Former England manager Steve McClaren has been appointed as the new head coach of Newcastle United on an initial three-year contract, the Premier League club announced on Wednesday.
McClaren, 54, succeeds John Carver, whose departure was confirmed earlier on Wednesday, and has a clause in his contract that could see it extended to eight years, the club said.
“I am privileged to be appointed head coach of Newcastle United. This is a big club with a wonderful heritage,” McClaren said in a statement on the Newcastle website.
“St James’ Park is like a cathedral on a Saturday afternoon, a symbol for the city, and I am excited to be given this opportunity.”
McClaren reportedly turned down an approach from Newcastle when the club’s former manager Alan Pardew left for Crystal Palace in January, which saw Carver promoted from his role as assistant.
But a return of three wins from 19 Premier League games nixed Carver’s hopes of securing the job on a permanent basis and with McClaren out of work following his sacking by Derby County in May, Newcastle went back to him.
Managing director Lee Charnley revealed that McClaren has been tasked to achieve a top-eight league finish and said that he is “heavily incentivised” to win the club’s first trophy since 1969.
“We recognise supporters’ strong desire to win a trophy, an ambition which the club now shares as (owner) Mike Ashley made clear in his comments on the final day of the season,” Charnley said.
“Steve is excited by this and he has our full support in trying to achieve this goal.”
Newcastle, who only avoided relegation from the Premier League on the season’s final day, had earlier announced the exits of Carver and coach Steve Stone, freeing McClaren to bring in his own back-room staff.
A former assistant to Alex Ferguson at Manchester United, McClaren made his name as a manager at Middlesbrough, guiding them to League Cup glory in 2004 and to the final of the 2006 UEFA Cup.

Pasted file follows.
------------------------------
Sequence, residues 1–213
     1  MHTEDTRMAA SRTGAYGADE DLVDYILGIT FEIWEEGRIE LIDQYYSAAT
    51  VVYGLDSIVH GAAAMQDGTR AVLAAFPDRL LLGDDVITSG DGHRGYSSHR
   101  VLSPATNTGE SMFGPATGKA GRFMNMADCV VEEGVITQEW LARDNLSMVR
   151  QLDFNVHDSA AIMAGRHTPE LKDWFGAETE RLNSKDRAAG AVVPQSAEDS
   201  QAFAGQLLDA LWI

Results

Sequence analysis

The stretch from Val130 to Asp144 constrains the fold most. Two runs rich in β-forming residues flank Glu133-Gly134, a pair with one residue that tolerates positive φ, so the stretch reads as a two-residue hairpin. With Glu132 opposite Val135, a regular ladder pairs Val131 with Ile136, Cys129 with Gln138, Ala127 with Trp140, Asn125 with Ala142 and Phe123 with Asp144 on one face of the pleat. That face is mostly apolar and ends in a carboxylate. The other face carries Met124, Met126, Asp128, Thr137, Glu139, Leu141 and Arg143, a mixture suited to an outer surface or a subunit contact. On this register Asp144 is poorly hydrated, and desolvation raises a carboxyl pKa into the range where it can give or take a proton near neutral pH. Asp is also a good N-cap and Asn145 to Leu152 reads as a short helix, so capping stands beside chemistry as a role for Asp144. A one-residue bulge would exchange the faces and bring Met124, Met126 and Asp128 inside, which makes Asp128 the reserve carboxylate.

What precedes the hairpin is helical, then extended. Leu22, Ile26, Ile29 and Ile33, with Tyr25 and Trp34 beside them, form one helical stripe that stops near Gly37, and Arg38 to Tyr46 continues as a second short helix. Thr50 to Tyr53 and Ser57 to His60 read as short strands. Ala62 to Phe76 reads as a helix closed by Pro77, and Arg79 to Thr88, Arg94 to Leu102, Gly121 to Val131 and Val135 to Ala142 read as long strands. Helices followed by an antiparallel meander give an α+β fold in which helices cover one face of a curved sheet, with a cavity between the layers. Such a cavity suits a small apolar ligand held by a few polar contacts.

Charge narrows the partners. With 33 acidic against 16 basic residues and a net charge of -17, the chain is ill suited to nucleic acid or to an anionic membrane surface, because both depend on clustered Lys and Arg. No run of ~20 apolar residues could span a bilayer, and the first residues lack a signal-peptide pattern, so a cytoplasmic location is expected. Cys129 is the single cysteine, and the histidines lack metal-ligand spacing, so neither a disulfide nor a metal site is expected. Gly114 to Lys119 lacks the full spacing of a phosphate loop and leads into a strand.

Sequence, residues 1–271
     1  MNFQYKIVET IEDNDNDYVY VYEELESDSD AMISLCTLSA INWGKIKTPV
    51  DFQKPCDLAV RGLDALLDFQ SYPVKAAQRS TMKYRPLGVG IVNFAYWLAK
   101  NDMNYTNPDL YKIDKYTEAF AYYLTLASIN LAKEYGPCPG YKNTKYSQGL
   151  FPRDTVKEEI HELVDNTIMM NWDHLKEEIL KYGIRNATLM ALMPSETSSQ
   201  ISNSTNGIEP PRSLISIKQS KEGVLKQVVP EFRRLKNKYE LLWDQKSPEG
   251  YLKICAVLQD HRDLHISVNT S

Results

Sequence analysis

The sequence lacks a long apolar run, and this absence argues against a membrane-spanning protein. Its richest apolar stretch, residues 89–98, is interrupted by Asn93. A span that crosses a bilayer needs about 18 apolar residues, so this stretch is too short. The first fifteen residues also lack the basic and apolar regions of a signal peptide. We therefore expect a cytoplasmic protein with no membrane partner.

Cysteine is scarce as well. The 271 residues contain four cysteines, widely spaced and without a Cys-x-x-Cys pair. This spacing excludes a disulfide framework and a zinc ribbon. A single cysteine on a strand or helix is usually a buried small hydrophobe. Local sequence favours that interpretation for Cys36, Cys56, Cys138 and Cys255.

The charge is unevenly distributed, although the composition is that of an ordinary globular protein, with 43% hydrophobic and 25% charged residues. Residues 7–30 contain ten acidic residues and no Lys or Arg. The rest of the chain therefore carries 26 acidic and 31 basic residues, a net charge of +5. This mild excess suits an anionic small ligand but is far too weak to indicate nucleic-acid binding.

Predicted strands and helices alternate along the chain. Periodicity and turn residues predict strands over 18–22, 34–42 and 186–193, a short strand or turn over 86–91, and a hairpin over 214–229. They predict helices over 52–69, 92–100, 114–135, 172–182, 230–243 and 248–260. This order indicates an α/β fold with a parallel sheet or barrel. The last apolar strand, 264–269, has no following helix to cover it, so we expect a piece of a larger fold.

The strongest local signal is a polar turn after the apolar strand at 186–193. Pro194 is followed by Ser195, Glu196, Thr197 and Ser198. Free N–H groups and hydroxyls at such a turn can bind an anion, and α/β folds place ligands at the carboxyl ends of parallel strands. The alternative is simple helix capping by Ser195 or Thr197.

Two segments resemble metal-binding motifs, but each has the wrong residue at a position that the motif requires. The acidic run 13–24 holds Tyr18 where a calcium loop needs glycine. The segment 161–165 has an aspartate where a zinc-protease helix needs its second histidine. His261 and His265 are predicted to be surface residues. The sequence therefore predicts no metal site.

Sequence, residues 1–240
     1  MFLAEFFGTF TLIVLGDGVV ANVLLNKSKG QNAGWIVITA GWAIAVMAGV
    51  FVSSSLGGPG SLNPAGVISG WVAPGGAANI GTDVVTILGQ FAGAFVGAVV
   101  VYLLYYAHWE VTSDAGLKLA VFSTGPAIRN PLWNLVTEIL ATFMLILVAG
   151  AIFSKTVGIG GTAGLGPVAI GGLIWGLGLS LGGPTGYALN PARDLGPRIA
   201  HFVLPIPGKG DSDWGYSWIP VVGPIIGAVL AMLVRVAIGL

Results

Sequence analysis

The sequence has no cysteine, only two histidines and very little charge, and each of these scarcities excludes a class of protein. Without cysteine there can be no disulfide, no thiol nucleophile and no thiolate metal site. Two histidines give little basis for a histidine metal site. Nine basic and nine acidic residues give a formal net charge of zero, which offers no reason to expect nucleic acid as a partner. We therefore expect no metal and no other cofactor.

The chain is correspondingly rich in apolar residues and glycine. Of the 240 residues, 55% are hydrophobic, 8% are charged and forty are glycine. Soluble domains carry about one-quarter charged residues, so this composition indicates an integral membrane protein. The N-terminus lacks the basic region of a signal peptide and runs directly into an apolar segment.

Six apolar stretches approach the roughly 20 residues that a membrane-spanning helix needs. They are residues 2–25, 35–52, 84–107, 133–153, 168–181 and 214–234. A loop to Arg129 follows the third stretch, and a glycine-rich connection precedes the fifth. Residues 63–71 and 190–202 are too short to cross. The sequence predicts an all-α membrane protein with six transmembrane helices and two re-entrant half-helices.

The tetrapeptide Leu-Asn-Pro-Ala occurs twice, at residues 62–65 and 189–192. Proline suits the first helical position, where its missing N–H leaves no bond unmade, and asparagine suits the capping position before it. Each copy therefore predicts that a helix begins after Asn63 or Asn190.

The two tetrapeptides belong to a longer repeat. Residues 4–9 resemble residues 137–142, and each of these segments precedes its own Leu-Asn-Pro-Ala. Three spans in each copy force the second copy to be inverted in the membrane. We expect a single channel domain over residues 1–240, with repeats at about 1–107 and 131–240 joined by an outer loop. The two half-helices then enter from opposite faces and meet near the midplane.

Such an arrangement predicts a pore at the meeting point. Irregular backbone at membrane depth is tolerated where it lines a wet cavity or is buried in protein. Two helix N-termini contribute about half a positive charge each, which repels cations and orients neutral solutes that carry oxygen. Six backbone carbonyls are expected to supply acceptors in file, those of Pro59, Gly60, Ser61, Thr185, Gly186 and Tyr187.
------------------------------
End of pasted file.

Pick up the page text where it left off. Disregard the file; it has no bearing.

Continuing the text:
– ‘Devoted’ supporters –
It earned him the chance to manage his country, but his 16-month tenure ended in disappointment as England failed to qualify for the 2008 European Championship.
He bounced back spectacularly at FC Twente, leading the club to a first ever Dutch league title in 2010, but subsequent stints at Wolfsburg, Nottingham Forest and a return to Twente proved underwhelming.
He was dismissed by Derby after the club missed out on a place in the Championship play-offs.
“I know how important Newcastle United is to the city and the region,” said McClaren, who has also been appointed to the club’s board of directors.
“The supporters are some of the most loyal, passionate and devoted in the world. Despite everything, they maintain their faith. We owe it to them to do everything we can to reward them with success.”
He added: “I’ve already won trophies as a manager, and a club the size of Newcastle United should be winning cups and finishing in the top eight in the Premier League.
“I’m determined to give the supporters of Newcastle United a team they can be proud of. The hard work starts now.”
Charnley had earlier paid tribute to Carver, saying “no-one could have worked with more passion and enthusiasm than he did”.
Carver said it had been a “privilege” to serve the club.
“I wish the club every success for the future and steeled with the experience of the last six months, I am eager and ready for the next challenge,” he added.